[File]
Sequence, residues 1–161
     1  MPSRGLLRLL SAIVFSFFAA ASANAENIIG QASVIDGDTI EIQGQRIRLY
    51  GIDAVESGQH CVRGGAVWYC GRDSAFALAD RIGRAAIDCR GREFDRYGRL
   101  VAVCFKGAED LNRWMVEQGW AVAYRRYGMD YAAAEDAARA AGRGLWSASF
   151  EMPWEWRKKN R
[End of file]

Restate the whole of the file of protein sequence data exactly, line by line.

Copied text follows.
Sequence, residues 1–161
     1  MPSRGLLRLL SAIVFSFFAA ASANAENIIG QASVIDGDTI EIQGQRIRLY
    51  GIDAVESGQH CVRGGAVWYC GRDSAFALAD RIGRAAIDCR GREFDRYGRL
   101  VAVCFKGAED LNRWMVEQGW AVAYRRYGMD YAAAEDAARA AGRGLWSASF
   151  EMPWEWRKKN R